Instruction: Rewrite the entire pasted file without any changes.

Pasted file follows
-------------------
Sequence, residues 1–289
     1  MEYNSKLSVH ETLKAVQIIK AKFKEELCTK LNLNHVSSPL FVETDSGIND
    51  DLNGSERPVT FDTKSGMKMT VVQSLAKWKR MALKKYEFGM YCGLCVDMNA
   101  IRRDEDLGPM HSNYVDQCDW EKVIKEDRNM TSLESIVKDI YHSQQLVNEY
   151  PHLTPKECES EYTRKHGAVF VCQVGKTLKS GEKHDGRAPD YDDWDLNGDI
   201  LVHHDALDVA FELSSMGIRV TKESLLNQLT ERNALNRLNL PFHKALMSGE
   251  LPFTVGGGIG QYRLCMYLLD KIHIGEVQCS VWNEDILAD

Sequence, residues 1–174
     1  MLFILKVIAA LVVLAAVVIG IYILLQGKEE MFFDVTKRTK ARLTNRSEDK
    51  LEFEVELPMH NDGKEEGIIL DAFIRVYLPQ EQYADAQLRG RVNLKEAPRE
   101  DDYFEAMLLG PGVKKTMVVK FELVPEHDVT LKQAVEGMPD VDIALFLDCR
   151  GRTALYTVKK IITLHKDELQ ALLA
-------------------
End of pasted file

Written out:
Sequence, residues 1–289
     1  MEYNSKLSVH ETLKAVQIIK AKFKEELCTK LNLNHVSSPL FVETDSGIND
    51  DLNGSERPVT FDTKSGMKMT VVQSLAKWKR MALKKYEFGM YCGLCVDMNA
   101  IRRDEDLGPM HSNYVDQCDW EKVIKEDRNM TSLESIVKDI YHSQQLVNEY
   151  PHLTPKECES EYTRKHGAVF VCQVGKTLKS GEKHDGRAPD YDDWDLNGDI
   201  LVHHDALDVA FELSSMGIRV TKESLLNQLT ERNALNRLNL PFHKALMSGE
   251  LPFTVGGGIG QYRLCMYLLD KIHIGEVQCS VWNEDILAD

Sequence, residues 1–174
     1  MLFILKVIAA LVVLAAVVIG IYILLQGKEE MFFDVTKRTK ARLTNRSEDK
    51  LEFEVELPMH NDGKEEGIIL DAFIRVYLPQ EQYADAQLRG RVNLKEAPRE
   101  DDYFEAMLLG PGVKKTMVVK FELVPEHDVT LKQAVEGMPD VDIALFLDCR
   151  GRTALYTVKK IITLHKDELQ ALLA